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4 out of 5 people found the following review useful:

Screamingly funny

Author: cinnatusc from Boston, MA
8 July 2004

Yes, the director of the amazing "All Quiet on the Western Front" made an educational film about syphilis. Don't expect art, this thing is pretty atrocious, but hilarious, especially the flagrant Italian stereotype in the opening. "It was just a little sore!" If you're wondering how Lewis Milestone wound up "reduced" to this, it's actually his contribution to the war effort in the '40s, later re-edited into an educational film for America's Youth. The original is, to my knowledge, currently unavailable and probably lost. Not that we miss it, but it's sort of too bad. This can be found, in its "safe-for-schoolkids" form, on the "Educational Film Archives: Sex and Drugs" DVD from Fantoma.

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1 out of 1 people found the following review useful:

Social history

6/10
Author: djpass-1 from Canada
16 September 2007

This film is not in the league with "Sex Madness" and other exploitation films. Instead of trying to scare people away from a problem, it explained how to avoid or treat it. It is melodramatic, but well acted with good production. Tim Holt, Ward Bond and J. Carroll Naish appear as victims, and Lewis Milestone directed.(I image there were a lot of outtakes, though, when the actors couldn't help laughing when they had to say things like "I noticed a sore...down there.") I'm not old enough to remember syphilis--or patent medicine "doctors"--being a big problem, but I appreciate this film as a slice of the social history of our past.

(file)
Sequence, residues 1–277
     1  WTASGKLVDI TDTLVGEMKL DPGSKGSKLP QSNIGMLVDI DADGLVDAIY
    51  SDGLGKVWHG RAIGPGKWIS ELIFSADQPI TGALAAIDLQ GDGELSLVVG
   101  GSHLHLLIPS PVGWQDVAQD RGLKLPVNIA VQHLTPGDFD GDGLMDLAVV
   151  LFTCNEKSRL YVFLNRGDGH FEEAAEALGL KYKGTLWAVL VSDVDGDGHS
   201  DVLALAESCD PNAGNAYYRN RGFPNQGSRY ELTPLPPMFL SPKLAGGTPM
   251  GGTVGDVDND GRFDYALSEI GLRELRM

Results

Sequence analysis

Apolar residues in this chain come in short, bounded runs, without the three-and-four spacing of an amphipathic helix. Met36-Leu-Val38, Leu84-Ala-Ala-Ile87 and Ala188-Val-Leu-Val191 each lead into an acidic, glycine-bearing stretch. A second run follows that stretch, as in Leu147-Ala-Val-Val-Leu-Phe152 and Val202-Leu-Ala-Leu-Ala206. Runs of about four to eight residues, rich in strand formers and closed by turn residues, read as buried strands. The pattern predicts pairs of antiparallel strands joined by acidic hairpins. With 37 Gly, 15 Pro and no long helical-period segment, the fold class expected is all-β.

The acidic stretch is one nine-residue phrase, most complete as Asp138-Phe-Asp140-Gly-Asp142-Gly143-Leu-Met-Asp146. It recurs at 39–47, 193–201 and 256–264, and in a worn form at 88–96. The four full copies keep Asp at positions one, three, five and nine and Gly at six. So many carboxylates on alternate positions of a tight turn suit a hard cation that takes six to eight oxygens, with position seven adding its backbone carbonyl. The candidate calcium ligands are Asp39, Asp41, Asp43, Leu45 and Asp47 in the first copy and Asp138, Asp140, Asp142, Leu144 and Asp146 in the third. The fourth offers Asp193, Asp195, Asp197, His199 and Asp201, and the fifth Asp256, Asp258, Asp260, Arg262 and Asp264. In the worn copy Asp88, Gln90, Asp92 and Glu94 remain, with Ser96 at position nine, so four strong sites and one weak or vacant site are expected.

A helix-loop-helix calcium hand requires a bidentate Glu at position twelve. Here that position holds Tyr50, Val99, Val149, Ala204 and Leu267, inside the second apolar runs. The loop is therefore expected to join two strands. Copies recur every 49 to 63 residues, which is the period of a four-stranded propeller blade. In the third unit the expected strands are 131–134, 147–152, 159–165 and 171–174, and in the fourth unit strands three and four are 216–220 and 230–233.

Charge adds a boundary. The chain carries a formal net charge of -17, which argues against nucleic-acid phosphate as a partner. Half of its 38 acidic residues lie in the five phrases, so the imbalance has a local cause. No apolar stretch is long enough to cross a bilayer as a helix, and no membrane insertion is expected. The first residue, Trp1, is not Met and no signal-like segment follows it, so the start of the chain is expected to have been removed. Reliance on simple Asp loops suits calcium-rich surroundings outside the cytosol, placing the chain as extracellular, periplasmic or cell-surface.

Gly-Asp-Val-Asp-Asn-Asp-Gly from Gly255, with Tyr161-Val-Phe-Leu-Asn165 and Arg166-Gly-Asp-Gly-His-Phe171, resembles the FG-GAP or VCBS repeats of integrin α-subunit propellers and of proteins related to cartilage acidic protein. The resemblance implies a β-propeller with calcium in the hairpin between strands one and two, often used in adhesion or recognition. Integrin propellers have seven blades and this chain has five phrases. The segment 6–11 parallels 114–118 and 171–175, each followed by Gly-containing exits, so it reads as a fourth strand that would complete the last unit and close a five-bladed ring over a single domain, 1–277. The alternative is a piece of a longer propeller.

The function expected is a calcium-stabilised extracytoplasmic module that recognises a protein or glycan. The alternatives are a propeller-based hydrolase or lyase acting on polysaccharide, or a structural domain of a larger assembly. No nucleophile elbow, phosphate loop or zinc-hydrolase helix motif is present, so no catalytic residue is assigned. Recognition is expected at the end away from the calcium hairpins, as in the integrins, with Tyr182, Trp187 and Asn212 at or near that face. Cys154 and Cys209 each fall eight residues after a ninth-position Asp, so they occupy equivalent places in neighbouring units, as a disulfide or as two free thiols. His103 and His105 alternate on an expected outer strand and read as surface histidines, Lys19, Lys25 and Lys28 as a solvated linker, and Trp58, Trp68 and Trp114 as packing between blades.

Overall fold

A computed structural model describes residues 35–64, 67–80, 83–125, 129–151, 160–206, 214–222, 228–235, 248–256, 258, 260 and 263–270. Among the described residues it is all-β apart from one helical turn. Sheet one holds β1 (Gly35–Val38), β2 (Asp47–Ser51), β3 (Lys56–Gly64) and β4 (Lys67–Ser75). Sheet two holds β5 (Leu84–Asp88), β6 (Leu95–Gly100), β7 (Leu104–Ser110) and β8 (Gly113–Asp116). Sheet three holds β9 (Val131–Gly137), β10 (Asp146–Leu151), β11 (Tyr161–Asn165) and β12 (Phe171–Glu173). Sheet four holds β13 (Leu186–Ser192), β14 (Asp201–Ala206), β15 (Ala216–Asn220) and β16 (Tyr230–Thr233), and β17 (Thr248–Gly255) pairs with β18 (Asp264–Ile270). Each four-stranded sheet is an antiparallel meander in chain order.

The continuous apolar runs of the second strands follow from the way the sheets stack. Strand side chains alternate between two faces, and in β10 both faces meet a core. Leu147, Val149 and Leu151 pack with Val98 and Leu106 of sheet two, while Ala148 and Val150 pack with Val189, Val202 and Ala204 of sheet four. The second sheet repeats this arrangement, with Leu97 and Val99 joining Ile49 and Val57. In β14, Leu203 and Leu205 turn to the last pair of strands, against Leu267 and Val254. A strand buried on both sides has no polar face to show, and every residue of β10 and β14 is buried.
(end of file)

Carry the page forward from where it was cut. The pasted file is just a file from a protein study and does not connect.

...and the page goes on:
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Well worth seeing just for the cast...

5/10
Author: planktonrules from Bradenton, Florida
8 May 2010

If you are a fan of classic Hollywood films, then you might get a lot out of seeing this film--about, of all things, sexually transmitted diseases. Why? Because seeing J. Carroll Naish, Ward Bond and Tim Holt all playing guys with VD is such a shocker--after all, these guys and many other famous character actors appear in this seldom-seen film.

As far as the actual quality of the film goes, it is of dubious quality. While some of the information is quite correct, the preachy style probably resulted in many laughing off the important information in this short film. In addition, Naish should have been ashamed of himself for playing such an incredibly stereotypical Italian-American. It was almost as bad as having Chico Marx playing the part.

Well worth seeing for fans of the strange and obscure.

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